Closed-loop control benefits T1DM in prolonged winter sport
Marc D. Breton, Ph.D., from the University of Virginia in Charlottesville, and colleagues conducted a randomized trial involving 32 adolescents with T1D who participated in a five-day ski camp at two sites. Participants were randomized to the University of Virginia-CLC system or remotely-monitored sensor-augmented pump.
The researchers found that the percentage time in range was improved using CLC versus the physician-monitored open-loop (71.3 versus 64.7 percent; +6.6 percent; 95 percent confidence interval, 1 to 12; P = 0.005), with maximum effect late at night. Overall, there was improvement in exposure to hypoglycemia and carbohydrate treatments (P = 0.001 and 0.007, respectively), with strong ski level effects during the daytime (P = 0.0001 and 0.006, respectively). Ski/snowboard proficiency was balanced between the groups, with a strong site effect. No adverse effects were seen in association with CLC; feedback from participants was overwhelmingly positive.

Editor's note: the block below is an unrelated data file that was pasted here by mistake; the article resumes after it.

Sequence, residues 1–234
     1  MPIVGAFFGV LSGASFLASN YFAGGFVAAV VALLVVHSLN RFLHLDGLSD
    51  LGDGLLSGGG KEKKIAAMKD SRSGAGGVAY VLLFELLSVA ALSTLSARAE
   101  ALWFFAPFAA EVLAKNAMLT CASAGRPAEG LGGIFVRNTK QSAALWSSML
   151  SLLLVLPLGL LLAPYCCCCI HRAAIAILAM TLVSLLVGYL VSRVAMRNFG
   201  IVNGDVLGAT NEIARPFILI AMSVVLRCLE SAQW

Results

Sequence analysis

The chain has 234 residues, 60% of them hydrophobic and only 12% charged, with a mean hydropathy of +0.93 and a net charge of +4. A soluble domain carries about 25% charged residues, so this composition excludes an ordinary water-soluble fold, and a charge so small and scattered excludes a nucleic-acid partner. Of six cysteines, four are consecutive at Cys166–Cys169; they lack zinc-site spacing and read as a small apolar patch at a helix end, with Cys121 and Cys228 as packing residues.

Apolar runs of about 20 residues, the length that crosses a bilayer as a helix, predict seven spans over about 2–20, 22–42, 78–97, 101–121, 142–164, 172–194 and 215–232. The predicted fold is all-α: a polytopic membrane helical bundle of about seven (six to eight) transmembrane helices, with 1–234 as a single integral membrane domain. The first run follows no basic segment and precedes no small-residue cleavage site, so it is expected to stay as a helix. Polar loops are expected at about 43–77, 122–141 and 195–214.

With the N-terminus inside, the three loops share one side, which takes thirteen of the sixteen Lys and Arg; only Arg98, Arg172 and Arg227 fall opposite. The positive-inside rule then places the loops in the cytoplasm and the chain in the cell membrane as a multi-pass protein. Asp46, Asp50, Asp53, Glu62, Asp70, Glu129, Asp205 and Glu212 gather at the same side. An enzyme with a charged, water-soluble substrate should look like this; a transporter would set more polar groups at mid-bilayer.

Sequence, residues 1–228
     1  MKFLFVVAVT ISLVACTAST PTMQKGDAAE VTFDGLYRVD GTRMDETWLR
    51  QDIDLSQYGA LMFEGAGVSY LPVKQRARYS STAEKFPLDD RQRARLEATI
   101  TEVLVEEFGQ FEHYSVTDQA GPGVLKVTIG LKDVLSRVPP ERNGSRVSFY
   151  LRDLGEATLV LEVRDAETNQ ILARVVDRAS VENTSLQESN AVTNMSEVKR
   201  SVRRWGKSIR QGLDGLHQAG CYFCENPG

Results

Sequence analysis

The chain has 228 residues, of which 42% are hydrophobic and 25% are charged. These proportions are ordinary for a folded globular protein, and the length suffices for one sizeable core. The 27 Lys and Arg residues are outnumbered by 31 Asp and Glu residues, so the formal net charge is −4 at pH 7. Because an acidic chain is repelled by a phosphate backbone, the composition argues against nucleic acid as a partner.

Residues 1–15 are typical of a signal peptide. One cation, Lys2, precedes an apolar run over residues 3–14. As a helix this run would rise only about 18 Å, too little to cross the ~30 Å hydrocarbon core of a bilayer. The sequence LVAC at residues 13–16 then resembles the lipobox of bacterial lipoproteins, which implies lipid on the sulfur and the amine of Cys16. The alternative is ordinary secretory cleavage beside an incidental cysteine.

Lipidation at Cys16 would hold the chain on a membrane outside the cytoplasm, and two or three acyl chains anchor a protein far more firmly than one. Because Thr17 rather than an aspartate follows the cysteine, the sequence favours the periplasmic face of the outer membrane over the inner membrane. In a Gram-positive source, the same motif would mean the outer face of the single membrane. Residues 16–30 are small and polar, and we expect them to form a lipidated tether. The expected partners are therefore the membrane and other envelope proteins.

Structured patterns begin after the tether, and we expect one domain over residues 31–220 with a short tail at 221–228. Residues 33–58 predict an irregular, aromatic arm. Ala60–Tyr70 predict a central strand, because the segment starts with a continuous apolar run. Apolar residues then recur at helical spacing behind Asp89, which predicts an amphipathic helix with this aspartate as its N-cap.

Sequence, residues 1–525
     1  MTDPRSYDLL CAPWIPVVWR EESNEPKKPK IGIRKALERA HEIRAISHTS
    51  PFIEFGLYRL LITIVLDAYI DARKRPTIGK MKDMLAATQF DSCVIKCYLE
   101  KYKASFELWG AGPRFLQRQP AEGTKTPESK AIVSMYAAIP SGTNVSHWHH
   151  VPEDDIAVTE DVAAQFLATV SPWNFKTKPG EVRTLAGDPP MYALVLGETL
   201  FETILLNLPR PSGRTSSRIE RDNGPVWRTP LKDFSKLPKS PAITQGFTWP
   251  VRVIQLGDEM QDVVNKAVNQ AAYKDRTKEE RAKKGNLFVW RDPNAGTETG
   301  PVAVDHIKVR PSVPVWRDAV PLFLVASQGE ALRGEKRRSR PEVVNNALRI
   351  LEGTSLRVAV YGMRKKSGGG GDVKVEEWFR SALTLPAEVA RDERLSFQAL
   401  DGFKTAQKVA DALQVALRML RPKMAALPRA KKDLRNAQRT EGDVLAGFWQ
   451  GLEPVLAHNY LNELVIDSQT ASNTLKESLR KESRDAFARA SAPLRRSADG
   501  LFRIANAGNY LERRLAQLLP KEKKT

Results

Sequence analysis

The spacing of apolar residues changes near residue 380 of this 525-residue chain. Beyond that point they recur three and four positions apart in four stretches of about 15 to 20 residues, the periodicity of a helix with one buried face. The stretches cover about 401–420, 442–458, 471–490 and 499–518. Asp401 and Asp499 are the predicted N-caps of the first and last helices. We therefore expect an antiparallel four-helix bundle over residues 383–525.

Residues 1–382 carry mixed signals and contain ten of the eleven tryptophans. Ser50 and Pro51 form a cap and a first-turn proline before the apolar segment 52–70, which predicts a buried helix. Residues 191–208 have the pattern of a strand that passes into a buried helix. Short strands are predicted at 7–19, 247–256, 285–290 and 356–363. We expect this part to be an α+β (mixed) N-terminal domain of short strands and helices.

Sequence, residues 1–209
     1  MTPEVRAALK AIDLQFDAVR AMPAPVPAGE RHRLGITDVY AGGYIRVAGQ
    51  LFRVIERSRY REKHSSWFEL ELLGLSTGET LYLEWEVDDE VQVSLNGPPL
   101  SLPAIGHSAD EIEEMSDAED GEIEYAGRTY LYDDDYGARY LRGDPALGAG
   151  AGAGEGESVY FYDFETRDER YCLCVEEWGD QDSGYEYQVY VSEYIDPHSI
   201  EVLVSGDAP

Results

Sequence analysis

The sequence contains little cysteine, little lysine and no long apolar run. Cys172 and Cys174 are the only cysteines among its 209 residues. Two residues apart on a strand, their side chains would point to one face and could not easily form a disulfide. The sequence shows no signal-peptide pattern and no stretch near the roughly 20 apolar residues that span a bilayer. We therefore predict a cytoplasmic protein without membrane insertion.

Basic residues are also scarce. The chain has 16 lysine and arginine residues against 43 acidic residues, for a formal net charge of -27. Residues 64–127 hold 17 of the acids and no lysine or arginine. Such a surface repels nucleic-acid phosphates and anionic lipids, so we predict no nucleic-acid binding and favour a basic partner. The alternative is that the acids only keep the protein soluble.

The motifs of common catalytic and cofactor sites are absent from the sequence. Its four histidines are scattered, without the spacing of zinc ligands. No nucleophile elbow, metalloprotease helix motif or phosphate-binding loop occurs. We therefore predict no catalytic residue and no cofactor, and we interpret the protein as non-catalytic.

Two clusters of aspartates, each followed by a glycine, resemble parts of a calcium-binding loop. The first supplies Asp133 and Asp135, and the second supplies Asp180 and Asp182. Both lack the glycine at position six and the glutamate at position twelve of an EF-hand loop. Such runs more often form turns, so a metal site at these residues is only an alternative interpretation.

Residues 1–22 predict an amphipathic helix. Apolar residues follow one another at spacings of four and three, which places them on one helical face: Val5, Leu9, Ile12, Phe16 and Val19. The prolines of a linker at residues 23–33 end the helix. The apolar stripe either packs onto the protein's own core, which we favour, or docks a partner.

"CLC in adolescents with T1D, improved glycemic control and reduced exposure to hypoglycemia during prolonged intensive winter sport activities, despite the added challenges of cold and altitude," the authors write.
Several authors disclosed financial ties to the pharmaceutical industry.
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